Ruben often sat Mona down to tell her the story of the Nation. He had told her this story many times—he had told her that the streets of her hometown were mostly made of gray stone, and there was an ochre mud mixture that was used for some of the facades. Ruben had told her, at bedtime when she was small, and at lunch when she grew, that the first road leading into town was paved when the President announced his first visit. Before that, the roads were dusty bare ground, trodden by mules and wooden clogs. Upon hearing of the visit, Ruben said, the town council decided that ten young local men should go to the hill above town, the hill facing the direction of the newly paved road, and spell out in white chalk rocks—dug out from the earth around the city, the rugged earth that brimmed with nothing but stone—We Love You, President. One of the youth chosen for the task was Ruben.

They were heavy rocks, Ruben said, and the youth sweated and strained as they worked. They had to ensure that the words were all leveled equally, that the “We” wasn’t bigger than “You.” It took a whole week. The sun was a mallet on their foreheads, the skin on their necks turning into copper leather. There was a small delay when they discovered a spelling mistake; instead of Love they had written “Luve.” Luckily, the town administrator, who looked up from the town center every afternoon to see how the work was going, noticed, and the mistake was quickly corrected. When their work was done, the young men got a round of handshakes, pats on the back, and a barbecued lunch with beer as their reward. Ruben was always proud of himself for being part of the project, and Mona was proud of Ruben.

The sign stood there like a focused thought, Mona thought, and every time anyone gazed round the city that thought would vibrate in their mind. The President was like a divine watcher, the bearer of ultimate values, and that which remained pure when all else became soiled, said Ruben. When Mirza bullies Toni at school, the President loves me, Mona thought. When Ana rejects Edin, the President still loves me. When Ruben and Diogen fight over Diogen’s life choices and his needing to “pull his socks up,” the President still loves us, Mona thought.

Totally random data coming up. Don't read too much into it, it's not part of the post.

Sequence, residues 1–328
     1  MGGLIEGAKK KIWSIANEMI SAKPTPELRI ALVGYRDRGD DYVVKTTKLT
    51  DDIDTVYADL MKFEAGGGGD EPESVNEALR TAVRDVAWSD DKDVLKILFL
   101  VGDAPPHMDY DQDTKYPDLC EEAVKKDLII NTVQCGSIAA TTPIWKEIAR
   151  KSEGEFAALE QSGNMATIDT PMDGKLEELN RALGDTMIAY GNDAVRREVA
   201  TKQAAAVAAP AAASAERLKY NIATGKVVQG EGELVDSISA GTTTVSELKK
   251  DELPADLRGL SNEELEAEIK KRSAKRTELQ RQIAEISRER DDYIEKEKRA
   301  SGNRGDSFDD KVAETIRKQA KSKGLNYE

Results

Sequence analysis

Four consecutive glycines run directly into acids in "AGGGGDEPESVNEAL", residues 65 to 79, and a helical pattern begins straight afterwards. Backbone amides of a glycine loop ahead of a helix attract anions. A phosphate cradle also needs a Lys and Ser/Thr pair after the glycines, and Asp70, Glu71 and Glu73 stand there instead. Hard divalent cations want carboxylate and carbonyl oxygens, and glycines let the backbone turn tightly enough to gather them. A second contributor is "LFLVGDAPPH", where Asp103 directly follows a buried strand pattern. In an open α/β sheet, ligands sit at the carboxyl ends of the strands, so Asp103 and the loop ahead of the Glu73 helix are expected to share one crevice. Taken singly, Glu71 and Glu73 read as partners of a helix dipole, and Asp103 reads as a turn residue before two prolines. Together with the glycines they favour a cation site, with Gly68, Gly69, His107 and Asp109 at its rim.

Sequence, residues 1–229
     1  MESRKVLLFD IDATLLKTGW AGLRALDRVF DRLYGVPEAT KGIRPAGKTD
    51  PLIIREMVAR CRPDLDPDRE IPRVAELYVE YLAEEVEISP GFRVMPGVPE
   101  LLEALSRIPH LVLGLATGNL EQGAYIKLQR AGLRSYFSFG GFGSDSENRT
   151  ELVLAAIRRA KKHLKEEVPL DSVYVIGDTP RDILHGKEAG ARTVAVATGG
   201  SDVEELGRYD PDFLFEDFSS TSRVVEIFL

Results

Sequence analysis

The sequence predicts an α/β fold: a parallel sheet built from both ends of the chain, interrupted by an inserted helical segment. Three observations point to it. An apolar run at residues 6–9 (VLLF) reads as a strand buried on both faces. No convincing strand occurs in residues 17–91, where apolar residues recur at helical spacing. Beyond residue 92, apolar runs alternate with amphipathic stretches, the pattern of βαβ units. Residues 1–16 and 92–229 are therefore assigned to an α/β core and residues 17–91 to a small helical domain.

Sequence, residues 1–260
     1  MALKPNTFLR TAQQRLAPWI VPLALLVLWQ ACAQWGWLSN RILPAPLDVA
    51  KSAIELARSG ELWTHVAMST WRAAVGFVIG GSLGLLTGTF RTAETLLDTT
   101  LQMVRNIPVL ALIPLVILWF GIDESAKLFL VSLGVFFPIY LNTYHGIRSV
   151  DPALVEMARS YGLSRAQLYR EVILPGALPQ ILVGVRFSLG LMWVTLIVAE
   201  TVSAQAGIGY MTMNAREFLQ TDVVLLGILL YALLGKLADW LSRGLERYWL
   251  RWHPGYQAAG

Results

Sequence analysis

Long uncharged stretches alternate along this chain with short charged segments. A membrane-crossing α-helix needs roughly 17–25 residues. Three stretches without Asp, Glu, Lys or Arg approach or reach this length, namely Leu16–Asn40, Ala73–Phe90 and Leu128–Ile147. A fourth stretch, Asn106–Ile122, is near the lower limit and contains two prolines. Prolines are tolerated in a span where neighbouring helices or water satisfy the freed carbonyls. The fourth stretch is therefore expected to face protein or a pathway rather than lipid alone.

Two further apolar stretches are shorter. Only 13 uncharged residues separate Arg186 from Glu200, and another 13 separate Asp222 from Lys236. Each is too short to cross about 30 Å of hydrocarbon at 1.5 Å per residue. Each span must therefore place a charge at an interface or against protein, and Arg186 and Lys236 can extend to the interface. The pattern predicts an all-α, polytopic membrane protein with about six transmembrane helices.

At school, Mona learned stories about the President’s childhood, about his modest home in a village in the mountains and saw photographs of him cutting keys with a smile, galaxies of sparks flying off the iron wheel. The President repeatedly spoke of the need to look after the country, and each other, to obey parents and teachers, and to keep the country’s unity as the utmost priority. Brotherhood and Unity, Brotherhood and Unity, Brotherhood and Unity. School children sang songs that promised to never stray off his path, songs that promised that he could count on everyone to fight for peace, should the need arise. One of the songs that Mona was fond of, went:

Some doubt our conviction and think that we are going in the wrong direction,
because we listen to vinyl records and play rock,

But somewhere in us sits battle’s flame
and I tell you what I know well:
You can count on us.

Each classroom and each official space in the country had a picture of the President on the wall. On her first day of school, as pairs of students sat in rows of desks, the teacher came in to class and announced: “Children. Some of you may have heard of God, and that he exists. Well, he doesn’t.” He then went to distribute chocolate bars, one per child. No more was said. That same day, Mona read a story in her school book about two boys who fought over who the President was gazing at from one of those pictures. Each was insisting “me, me,” until the teacher came up and said, “Don’t fight. The President is watching over us all.”